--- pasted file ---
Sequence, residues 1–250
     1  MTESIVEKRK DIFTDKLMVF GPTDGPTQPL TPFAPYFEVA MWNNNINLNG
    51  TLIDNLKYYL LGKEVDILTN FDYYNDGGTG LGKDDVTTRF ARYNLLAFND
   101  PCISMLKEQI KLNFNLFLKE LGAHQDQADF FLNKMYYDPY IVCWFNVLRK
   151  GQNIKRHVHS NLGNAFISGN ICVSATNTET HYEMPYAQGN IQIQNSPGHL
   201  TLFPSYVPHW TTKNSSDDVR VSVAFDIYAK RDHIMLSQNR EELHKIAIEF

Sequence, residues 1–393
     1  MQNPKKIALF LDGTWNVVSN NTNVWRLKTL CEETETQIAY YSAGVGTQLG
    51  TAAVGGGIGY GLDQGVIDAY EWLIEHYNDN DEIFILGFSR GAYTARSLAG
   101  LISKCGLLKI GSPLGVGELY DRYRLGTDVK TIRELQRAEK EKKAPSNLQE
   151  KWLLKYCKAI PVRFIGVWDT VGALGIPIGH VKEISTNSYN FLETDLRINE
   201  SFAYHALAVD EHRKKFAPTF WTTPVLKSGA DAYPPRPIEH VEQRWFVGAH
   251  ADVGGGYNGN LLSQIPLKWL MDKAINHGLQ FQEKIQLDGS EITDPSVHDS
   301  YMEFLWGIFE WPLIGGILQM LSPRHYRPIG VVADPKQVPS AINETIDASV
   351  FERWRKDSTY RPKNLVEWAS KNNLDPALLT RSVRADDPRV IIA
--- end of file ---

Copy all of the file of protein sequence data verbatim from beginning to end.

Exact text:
Sequence, residues 1–250
     1  MTESIVEKRK DIFTDKLMVF GPTDGPTQPL TPFAPYFEVA MWNNNINLNG
    51  TLIDNLKYYL LGKEVDILTN FDYYNDGGTG LGKDDVTTRF ARYNLLAFND
   101  PCISMLKEQI KLNFNLFLKE LGAHQDQADF FLNKMYYDPY IVCWFNVLRK
   151  GQNIKRHVHS NLGNAFISGN ICVSATNTET HYEMPYAQGN IQIQNSPGHL
   201  TLFPSYVPHW TTKNSSDDVR VSVAFDIYAK RDHIMLSQNR EELHKIAIEF

Sequence, residues 1–393
     1  MQNPKKIALF LDGTWNVVSN NTNVWRLKTL CEETETQIAY YSAGVGTQLG
    51  TAAVGGGIGY GLDQGVIDAY EWLIEHYNDN DEIFILGFSR GAYTARSLAG
   101  LISKCGLLKI GSPLGVGELY DRYRLGTDVK TIRELQRAEK EKKAPSNLQE
   151  KWLLKYCKAI PVRFIGVWDT VGALGIPIGH VKEISTNSYN FLETDLRINE
   201  SFAYHALAVD EHRKKFAPTF WTTPVLKSGA DAYPPRPIEH VEQRWFVGAH
   251  ADVGGGYNGN LLSQIPLKWL MDKAINHGLQ FQEKIQLDGS EITDPSVHDS
   301  YMEFLWGIFE WPLIGGILQM LSPRHYRPIG VVADPKQVPS AINETIDASV
   351  FERWRKDSTY RPKNLVEWAS KNNLDPALLT RSVRADDPRV IIA